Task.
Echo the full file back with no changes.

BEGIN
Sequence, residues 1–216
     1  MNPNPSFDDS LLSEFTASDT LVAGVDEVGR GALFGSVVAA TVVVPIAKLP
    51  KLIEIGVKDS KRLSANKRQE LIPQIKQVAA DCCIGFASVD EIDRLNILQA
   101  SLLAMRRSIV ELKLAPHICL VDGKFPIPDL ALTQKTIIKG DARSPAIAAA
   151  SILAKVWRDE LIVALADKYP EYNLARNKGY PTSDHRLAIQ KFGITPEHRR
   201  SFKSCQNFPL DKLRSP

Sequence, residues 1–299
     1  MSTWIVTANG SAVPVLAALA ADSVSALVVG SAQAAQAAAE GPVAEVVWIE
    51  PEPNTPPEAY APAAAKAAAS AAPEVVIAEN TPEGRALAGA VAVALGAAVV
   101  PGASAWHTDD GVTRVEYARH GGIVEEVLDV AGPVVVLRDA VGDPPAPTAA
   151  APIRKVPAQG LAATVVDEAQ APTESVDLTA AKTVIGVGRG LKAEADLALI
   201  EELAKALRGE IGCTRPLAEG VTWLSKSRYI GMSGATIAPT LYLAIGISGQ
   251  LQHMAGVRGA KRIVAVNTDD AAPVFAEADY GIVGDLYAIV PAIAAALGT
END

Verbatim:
Sequence, residues 1–216
     1  MNPNPSFDDS LLSEFTASDT LVAGVDEVGR GALFGSVVAA TVVVPIAKLP
    51  KLIEIGVKDS KRLSANKRQE LIPQIKQVAA DCCIGFASVD EIDRLNILQA
   101  SLLAMRRSIV ELKLAPHICL VDGKFPIPDL ALTQKTIIKG DARSPAIAAA
   151  SILAKVWRDE LIVALADKYP EYNLARNKGY PTSDHRLAIQ KFGITPEHRR
   201  SFKSCQNFPL DKLRSP

Sequence, residues 1–299
     1  MSTWIVTANG SAVPVLAALA ADSVSALVVG SAQAAQAAAE GPVAEVVWIE
    51  PEPNTPPEAY APAAAKAAAS AAPEVVIAEN TPEGRALAGA VAVALGAAVV
   101  PGASAWHTDD GVTRVEYARH GGIVEEVLDV AGPVVVLRDA VGDPPAPTAA
   151  APIRKVPAQG LAATVVDEAQ APTESVDLTA AKTVIGVGRG LKAEADLALI
   201  EELAKALRGE IGCTRPLAEG VTWLSKSRYI GMSGATIAPT LYLAIGISGQ
   251  LQHMAGVRGA KRIVAVNTDD AAPVFAEADY GIVGDLYAIV PAIAAALGT